When people ask me how I came up with the idea for Vulcan Rising, I don’t mind telling them. But they almost universally seem disappointed. It wasn’t what they expected. They don’t know what they expected, but it wasn’t what they heard. Besides that, they find it unsettling that others are walking around with tales of dark and fantastical things rattling around in their heads.
I can almost see the regret formulate within them. They wish they’d never asked. Their perception of me has changed, and there’s no putting the genie back in the bottle. But that’s okay. It’s not me that has changed, just their understanding of who I am. The shadow side was always part of me; they just hadn’t been acquainted with it before.
In the vein of transparency, I don’t mind telling you about the genesis of Vulcan Rising. Then you can cast or reserve your judgment as you see fit.
The Origin Story for Vulcan Rising
This isn’t the first novel I thought I would write. It’s not the first novel I’ve tried to write. Nor the second. But sometimes the muse is working behind the scenes, aligning things just right so that you’ll be ready when the time comes.
Three of the chapters in this book were inspired by real life situations. And while I wrote them down as they transpired, it didn’t occur to me until the third one that I could write a novel that featured these events. That was at the end of August 2020. By early December, I had finished my first draft of Vulcan Rising.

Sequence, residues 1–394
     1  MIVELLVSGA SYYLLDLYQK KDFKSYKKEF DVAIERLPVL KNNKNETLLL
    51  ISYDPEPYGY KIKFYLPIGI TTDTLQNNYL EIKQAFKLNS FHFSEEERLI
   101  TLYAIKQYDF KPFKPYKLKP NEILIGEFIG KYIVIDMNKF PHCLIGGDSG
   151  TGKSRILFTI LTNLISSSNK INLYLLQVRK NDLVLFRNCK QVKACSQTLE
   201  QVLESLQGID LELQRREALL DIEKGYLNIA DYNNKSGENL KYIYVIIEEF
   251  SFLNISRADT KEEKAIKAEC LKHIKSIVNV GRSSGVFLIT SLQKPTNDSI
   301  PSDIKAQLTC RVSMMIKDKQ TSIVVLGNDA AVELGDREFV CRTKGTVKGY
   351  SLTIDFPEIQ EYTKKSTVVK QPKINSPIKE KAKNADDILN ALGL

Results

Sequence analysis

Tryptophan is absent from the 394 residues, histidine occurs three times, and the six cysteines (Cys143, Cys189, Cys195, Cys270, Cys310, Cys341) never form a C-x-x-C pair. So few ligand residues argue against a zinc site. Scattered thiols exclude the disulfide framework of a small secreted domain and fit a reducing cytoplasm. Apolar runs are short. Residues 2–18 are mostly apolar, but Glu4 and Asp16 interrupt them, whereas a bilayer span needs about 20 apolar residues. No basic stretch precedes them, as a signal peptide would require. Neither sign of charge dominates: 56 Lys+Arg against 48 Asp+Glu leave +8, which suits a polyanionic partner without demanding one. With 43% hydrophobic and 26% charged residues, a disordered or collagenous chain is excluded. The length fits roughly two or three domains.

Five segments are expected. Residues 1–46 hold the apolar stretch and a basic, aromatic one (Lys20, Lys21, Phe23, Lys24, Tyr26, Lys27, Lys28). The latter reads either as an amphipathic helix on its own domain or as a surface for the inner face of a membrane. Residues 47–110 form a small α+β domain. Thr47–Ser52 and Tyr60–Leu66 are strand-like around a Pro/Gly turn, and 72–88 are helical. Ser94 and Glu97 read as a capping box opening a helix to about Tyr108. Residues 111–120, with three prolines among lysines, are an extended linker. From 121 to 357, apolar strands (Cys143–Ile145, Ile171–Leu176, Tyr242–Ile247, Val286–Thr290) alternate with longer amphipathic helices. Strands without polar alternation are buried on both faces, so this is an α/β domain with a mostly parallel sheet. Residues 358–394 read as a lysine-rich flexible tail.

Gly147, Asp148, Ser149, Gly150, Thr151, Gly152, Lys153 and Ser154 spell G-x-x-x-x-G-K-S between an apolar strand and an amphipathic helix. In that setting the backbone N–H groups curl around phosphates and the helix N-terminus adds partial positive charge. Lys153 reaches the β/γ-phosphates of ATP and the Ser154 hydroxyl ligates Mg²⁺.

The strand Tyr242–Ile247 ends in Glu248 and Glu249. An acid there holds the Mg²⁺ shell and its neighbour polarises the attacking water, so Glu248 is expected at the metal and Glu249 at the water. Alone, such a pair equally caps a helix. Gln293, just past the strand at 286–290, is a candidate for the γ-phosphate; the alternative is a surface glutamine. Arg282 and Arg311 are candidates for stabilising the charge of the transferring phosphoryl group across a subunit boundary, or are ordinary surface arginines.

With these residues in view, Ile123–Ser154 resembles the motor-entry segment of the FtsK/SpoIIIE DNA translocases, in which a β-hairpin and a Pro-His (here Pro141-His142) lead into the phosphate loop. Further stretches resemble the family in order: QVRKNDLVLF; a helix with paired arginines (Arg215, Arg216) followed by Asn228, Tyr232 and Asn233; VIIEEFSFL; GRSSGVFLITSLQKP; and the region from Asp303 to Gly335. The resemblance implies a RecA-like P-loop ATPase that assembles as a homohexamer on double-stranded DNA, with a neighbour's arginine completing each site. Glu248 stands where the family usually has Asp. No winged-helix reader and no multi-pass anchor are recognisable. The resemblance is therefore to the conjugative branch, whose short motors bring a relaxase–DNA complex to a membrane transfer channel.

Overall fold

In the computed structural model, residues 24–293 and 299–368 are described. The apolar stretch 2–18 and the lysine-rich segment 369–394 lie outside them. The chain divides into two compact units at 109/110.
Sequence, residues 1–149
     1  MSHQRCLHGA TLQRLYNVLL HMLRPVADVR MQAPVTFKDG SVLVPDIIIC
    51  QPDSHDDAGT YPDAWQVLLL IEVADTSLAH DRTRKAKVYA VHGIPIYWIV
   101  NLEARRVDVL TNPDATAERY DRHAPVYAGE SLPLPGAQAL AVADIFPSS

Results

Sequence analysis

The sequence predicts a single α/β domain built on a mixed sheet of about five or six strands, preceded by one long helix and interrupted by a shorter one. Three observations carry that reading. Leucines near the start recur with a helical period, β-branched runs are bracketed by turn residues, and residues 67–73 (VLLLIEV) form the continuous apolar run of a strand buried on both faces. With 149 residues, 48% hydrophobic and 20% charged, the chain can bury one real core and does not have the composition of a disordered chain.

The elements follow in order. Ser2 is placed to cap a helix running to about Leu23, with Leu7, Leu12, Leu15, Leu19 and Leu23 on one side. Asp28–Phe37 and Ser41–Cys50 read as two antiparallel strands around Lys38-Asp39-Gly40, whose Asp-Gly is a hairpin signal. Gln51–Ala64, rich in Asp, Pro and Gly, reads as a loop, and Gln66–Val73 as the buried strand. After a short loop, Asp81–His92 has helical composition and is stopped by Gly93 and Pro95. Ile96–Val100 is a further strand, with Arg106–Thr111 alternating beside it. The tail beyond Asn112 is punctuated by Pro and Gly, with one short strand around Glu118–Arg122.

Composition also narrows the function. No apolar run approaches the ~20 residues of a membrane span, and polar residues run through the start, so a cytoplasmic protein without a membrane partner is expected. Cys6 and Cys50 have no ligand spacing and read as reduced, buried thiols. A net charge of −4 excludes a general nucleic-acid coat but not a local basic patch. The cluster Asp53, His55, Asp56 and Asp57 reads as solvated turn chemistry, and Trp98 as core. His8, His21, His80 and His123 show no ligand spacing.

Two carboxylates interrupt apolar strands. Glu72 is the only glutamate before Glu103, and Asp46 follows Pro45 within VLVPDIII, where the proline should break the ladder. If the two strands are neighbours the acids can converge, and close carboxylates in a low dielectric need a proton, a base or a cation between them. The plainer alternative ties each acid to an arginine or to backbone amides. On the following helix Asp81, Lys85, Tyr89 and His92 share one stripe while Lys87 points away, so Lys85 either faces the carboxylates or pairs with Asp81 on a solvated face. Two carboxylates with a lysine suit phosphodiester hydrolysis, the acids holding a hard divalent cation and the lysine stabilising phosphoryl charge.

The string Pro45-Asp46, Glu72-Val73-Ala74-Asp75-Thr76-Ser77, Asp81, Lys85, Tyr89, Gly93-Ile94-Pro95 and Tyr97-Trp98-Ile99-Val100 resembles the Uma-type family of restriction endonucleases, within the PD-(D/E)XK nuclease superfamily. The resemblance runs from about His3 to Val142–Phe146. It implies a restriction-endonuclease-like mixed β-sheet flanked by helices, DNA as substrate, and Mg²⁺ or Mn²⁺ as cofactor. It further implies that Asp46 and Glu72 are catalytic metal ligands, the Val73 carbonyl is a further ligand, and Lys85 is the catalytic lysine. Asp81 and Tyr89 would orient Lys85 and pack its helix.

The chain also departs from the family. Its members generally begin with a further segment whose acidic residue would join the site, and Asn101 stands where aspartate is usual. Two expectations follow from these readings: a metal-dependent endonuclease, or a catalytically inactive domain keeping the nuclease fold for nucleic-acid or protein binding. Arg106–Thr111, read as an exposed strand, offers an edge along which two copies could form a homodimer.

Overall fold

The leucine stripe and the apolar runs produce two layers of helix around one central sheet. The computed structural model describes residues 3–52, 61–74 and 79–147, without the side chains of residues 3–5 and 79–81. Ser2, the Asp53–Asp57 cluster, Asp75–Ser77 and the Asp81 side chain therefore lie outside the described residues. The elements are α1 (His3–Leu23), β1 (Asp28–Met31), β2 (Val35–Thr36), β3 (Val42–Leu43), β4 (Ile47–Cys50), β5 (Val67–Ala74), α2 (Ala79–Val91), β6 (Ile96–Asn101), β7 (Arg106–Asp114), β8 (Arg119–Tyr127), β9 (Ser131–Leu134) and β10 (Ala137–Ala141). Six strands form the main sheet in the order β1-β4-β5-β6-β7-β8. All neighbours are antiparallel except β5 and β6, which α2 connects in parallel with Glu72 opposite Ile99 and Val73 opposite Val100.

In early January 2020 (before the world went sideways here in the United States), my five year old, Jack, started calling for me in the middle of the night. I looked at the clock and saw that it was 3:40am. With only an hour and twenty minutes left until my alarm was set to go off, I knew that my good sleep was pretty much done for.
I went up to his room and tried to coax him back to sleep. But when he told me that he couldn’t sleep because he didn’t want to be alone anymore, I felt really bad for him and laid down beside him.
But in that little bed with only a minimum of covers made available to me, my mind started racing. And I came up with the scene where Thomas finds Ning in his bed and dismisses Joseph to return to his own.
A Return to Transcribing Dreams
A couple of weeks later, I had a really strange dream. As far back as I can remember, I’ve always been a vivid dreamer. For a time during my 20s, I wrote down my dreams. But that seemed to somehow magnify their intensity and creepiness, so I stopped. Then the dreams returned to their baseline weirdness levels.
More recently, I’ve started writing down dreams that are particularly interesting and stick with me. I’ve started letting my dreams fuel my fiction writing, rather than let them dissipate into the ether.
In late January, I had a dream that was graphic and surreal. I remembered every detail — three men were kidnapping a pegasus colt, and I stopped them in my driveway and shot one of them; then I had to return the mythical creature to its mother.
I had an inkling the dream could be the inciting incident for a much bigger story. But what I had in mind then was a much different story than what Vulcan Rising became.
Fast forward seven months to August 2020. Sometimes you have weird interactions with your kids. It seems like their brains are working overtime all the time. Not infrequently, those conversations lead to story ideas. So when that happens, I try to run as far and fast as I can with it.
One morning, Jack came down from his room and snuggled up right beside me on the couch. He was unusually somber and his responses to my conversation prompts were monosyllabic and noncommittal. His demeanor caused my mind to wander, thinking about its potential causes. One of which was whether he thought he’d seen something in the stairwell. Perhaps, he had. Whatever it was, it probably wasn’t a chimera. But who’s to say for sure.